The joints in your body are complex, and made up of many different bones and tissues. All these components work together to allow you to move each joint fluidly without pain. However, when the lubricating sacs, called the bursa, become inflamed, it leads to a painful condition known as bursitis.
At Bay Oaks Orthopaedics, serving the Houston, Texas community, our team are experts in many conditions that affect your joints. Dr. Anthony Mellilo is our orthopedic specialist, who offers cutting-edge treatments for many musculoskeletal issues, including bursitis.
Your joints are the areas in your body where at least two bones join together to allow movement. However, there’s more to your joints than just bones. Muscles, tendons, and ligaments also form in each joint to provide flexibility and fluidity to your movement.
In each joint there are several small pouches of fluid, known as bursa sacs. These tiny pouches are formed at the spots in your joints where your bones and other tissues meet. They give the joint lubrication, to prevent friction and pain when you move.
Bursitis occurs when one or more of the bursa sacs become inflamed, usually due to overuse of the affected joint. However, this condition can also come up after an injury. The joints most often affected by this condition are your elbows and knees; however, it can occur in just about any joint in your body.
Although small, the bursa sacs are a vital component to your joint. When they’re inflamed, it causes a number of uncomfortable symptoms that may worsen the more you move your joint.
What are the symptoms?
When you have bursitis, one of the first signs of the condition is pain in the affected joint. There are a lot of other issues that can cause joint pain, so it’s important to understand the other signs of bursitis as well. The other tell-tale signs of bursitis include:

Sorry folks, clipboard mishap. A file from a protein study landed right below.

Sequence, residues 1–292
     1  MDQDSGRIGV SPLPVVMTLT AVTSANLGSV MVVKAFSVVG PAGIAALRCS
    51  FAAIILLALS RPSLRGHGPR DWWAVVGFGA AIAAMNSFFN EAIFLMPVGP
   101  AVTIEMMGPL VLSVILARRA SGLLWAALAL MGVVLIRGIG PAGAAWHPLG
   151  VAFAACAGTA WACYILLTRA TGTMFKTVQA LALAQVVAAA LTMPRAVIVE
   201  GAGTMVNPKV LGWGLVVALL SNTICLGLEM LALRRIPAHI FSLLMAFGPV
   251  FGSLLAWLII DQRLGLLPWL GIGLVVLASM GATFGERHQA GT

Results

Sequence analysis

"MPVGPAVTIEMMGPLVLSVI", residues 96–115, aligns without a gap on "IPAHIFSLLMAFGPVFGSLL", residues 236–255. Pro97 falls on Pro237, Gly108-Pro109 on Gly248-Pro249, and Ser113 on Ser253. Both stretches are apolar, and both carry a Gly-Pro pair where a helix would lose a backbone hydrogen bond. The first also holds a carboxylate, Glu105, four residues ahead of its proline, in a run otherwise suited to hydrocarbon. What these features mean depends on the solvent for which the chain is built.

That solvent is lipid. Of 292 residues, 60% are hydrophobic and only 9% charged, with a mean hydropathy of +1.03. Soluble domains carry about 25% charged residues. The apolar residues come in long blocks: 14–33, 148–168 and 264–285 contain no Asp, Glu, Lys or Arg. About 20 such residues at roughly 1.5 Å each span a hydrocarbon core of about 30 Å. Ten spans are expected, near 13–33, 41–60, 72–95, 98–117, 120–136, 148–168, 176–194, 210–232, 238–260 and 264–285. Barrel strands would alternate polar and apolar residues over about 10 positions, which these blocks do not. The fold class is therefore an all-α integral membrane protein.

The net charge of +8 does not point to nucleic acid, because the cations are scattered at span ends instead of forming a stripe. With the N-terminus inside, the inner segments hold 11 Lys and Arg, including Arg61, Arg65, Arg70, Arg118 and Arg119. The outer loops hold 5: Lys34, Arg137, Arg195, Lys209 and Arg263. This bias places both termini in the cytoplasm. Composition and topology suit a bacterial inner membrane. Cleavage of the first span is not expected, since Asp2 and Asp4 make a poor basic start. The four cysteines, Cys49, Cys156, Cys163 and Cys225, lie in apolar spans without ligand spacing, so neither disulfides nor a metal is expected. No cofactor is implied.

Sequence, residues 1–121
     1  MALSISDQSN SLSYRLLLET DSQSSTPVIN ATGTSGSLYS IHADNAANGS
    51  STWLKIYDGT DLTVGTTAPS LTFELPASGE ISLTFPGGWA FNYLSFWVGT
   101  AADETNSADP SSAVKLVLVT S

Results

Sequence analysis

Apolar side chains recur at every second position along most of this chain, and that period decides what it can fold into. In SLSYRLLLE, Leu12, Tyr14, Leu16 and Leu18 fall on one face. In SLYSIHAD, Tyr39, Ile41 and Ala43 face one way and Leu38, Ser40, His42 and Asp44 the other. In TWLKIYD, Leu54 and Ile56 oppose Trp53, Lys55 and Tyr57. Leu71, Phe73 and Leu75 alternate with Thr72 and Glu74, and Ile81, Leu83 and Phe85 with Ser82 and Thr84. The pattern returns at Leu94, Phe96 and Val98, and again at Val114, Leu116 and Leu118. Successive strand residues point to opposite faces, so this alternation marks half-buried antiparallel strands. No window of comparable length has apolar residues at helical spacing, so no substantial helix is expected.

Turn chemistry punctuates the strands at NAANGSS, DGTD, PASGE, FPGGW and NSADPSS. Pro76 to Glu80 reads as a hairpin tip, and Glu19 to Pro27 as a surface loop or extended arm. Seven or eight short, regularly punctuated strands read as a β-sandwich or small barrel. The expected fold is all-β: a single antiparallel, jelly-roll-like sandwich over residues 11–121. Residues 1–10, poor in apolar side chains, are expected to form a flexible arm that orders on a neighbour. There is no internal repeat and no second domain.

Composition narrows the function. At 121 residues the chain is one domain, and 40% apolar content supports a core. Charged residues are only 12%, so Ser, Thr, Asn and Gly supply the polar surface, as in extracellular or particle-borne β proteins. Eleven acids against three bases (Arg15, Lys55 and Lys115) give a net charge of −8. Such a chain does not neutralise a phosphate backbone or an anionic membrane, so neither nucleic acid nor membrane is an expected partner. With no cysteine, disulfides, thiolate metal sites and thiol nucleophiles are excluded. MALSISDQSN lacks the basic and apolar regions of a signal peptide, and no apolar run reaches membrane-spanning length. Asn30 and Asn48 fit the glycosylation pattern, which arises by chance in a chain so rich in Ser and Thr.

Swelling is especially apparent when the affected bursa are in close proximity to the skin. The inflammation caused by the condition leads to a response from your body to protect the area, which comes in the form of swelling.
If the swelling is severe in your joint, your skin may look red around the area. This can also be true if the bursitis is accompanied by an infection. If you notice that your skin is warm around the red areas, it could mean an infection is present.
Decreased range of motion
Bursitis often causes you to have trouble moving the affected joint. Factors that play into this include joint pain and swelling. The more you try to move the joint, the more aggravated the inflamed bursa become.
Swelling around the area of the bursitis may also lead to tenderness in the joint. This is also true if you have an infection along with bursitis.
If you notice any of the above signs, along with joint pain, you should seek treatment as soon as you can. The longer bursitis is left untreated, the worse it may get.
How is bursitis treated?
If your symptoms are pointing Dr. Mellilo toward a diagnosis of bursitis, he often orders an ultrasound or MRI to detect the inflamed bursa sacs. If an infection is present, Dr. Mellilo also orders blood work and may aspirate a sample of the bursa fluid for analysis.
Treatment for bursitis is generally conservative in nature, depending on the severity of the condition. Ultimately, rest is the best medicine for a mild to moderate case of bursitis. Along with rest, Dr. Melillo often recommends other therapies such as:
- Physical therapy
- Anti-inflammatory medications
- Corticosteroid injections
In most cases, these treatments, along with rest and time, can greatly improve the symptoms of bursitis. You’ll also need to make some lifestyle modifications to prevent further flare-ups in the future.
In some cases, bursitis may continue, even with several conservative measures and rest. In this case, Dr. Melillo recommends surgical intervention to repair the damaged bursa in the joint. This is usually only necessary if your symptoms continue for longer than six months with non-surgical treatments.
If you’re exhibiting any of the above signs of bursitis, don’t hesitate to call us today at 281-223-1391, or book an appointment with Dr. Melillo using our convenient online booking tool.